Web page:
Latest & greatest articles for cannabis

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Top results for cannabis

101. Is the medical use of cannabis a therapeutic option for children?

are offered, always providing that this treatment course is carefully evaluated in individuals and in ongoing, well-designed research studies to determine safety and efficacy. Key Words: Cannabinoids; Children; Epilepsy; Medical marijuana; Nabiximols; Smoking   (...) Is the medical use of cannabis a therapeutic option for children? Cannabis is a psychoactive compound with a long history of recreational and therapeutic use. Current considerations regarding cannabis use for medical purposes in children have been stimulated by recent case reports describing its beneficial effect with refractory epilepsy. Overall, there are insufficient data to support either the efficacy or safety of cannabis use for any indications in children, and an increasing body of data

2016 Canadian Paediatric Society

102. Talking Pot with Youth: A Cannabis Communication Guide for Youth Allies

; and • Lead you through the spectrum for using cannabis and support you in having judgment-free conversations about cannabis with youth. What This Guide Will Not Do It does not replace professional screening for, or treatment of, cannabis use disorder. WHAT IS CANNABIS? Cannabis, more commonly called marijuana, pot or weed, is a greenish or brownish material consisting of the dried flowers and leaves of the cannabis plant, Cannabis sativa. Hashish or cannabis resin is the dried brown or black resinous (...) Talking Pot with Youth: A Cannabis Communication Guide for Youth Allies A Cannabis Communication Guide for Youth Allies Co-designed with input from youth and youth allies Acknowledgements This guide is stronger because of the expertise of the youth and youth allies who were involved in its creation. Authors: Katie Fleming, MA, and Anna McKiernan, MA This project was supported by the Canadian Institutes of Health Research and benefited from the advice of Health Canada. CCSA would like

2016 Canadian Centre on Substance Abuse

103. Systematic review with meta analysis: Low to moderate quality evidence demonstrates the potential benefits and adverse events of cannabinoids for certain medical indications

marijuana-related questions and to learn about its potential risks and benefits. 2 This review examines the potential benefits along with associated adverse events (AEs) of cannabinoids, in different forms, for various … Request Permissions If you wish to reuse any or all of this article please use the link below which will take you to the Copyright Clearance Center’s RightsLink service. You will be able to get a quick price and instant permission to reuse the content in many different ways. Copyright (...) Systematic review with meta analysis: Low to moderate quality evidence demonstrates the potential benefits and adverse events of cannabinoids for certain medical indications Low to moderate quality evidence demonstrates the potential benefits and adverse events of cannabinoids for certain medical indications | BMJ Evidence-Based Medicine We use cookies to improve our service and to tailor our content and advertising to you. You can manage your cookie settings via your browser at any time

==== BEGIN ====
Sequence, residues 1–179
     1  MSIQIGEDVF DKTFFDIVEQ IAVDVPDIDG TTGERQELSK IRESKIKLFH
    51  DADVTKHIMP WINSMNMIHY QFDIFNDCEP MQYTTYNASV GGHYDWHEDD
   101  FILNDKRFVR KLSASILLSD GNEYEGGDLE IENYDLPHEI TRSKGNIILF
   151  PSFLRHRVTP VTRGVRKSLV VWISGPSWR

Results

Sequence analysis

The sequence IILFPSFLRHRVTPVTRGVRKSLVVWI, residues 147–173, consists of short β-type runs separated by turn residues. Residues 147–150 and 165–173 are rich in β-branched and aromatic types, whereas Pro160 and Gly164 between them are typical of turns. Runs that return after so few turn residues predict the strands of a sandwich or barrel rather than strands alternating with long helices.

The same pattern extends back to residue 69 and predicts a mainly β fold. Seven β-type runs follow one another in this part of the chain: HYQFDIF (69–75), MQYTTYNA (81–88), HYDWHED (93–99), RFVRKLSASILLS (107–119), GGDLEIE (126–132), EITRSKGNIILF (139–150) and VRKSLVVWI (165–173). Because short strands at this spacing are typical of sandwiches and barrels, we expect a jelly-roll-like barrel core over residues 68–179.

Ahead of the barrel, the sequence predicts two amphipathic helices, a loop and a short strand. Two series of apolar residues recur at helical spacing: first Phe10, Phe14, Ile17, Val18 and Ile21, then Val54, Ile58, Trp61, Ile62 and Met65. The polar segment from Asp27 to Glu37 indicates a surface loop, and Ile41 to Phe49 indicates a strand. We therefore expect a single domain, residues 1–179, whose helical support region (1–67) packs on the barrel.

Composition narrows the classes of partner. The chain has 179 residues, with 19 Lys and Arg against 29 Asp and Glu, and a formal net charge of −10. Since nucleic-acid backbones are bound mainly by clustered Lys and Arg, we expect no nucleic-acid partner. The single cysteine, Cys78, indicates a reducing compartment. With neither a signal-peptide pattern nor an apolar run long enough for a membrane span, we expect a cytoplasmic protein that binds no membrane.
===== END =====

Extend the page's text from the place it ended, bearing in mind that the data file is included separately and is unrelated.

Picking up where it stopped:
2016 Evidence-Based Medicine

104. High-potency cannabis increases the risk of psychosis

High-potency cannabis increases the risk of psychosis High-potency cannabis increases the risk of psychosis | Evidence-Based Mental Health We use cookies to improve our service and to tailor our content and advertising to you. You can manage your cookie settings via your browser at any time. To learn more about how we use cookies, please see our . Log in using your username and password For personal accounts OR managers of institutional accounts Username * Password * your user name or password (...) ? Search for this keyword Search for this keyword Main menu Log in using your username and password For personal accounts OR managers of institutional accounts Username * Password * your user name or password? You are here High-potency cannabis increases the risk of psychosis Article Text Causes and risk factors High-potency cannabis increases the risk of psychosis Emma Barkus Correspondence to University of Wollongong, Wollongong, New South Wales, Australia; ebarkus{at}uow.edu.au Statistics from